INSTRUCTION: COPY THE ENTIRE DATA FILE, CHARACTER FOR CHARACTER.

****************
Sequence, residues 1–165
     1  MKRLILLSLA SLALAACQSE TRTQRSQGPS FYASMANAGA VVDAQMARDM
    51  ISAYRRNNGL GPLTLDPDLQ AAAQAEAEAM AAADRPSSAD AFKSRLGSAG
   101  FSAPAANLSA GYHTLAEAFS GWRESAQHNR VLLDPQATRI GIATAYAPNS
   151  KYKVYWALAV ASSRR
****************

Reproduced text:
Sequence, residues 1–165
     1  MKRLILLSLA SLALAACQSE TRTQRSQGPS FYASMANAGA VVDAQMARDM
    51  ISAYRRNNGL GPLTLDPDLQ AAAQAEAEAM AAADRPSSAD AFKSRLGSAG
   101  FSAPAANLSA GYHTLAEAFS GWRESAQHNR VLLDPQATRI GIATAYAPNS
   151  KYKVYWALAV ASSRR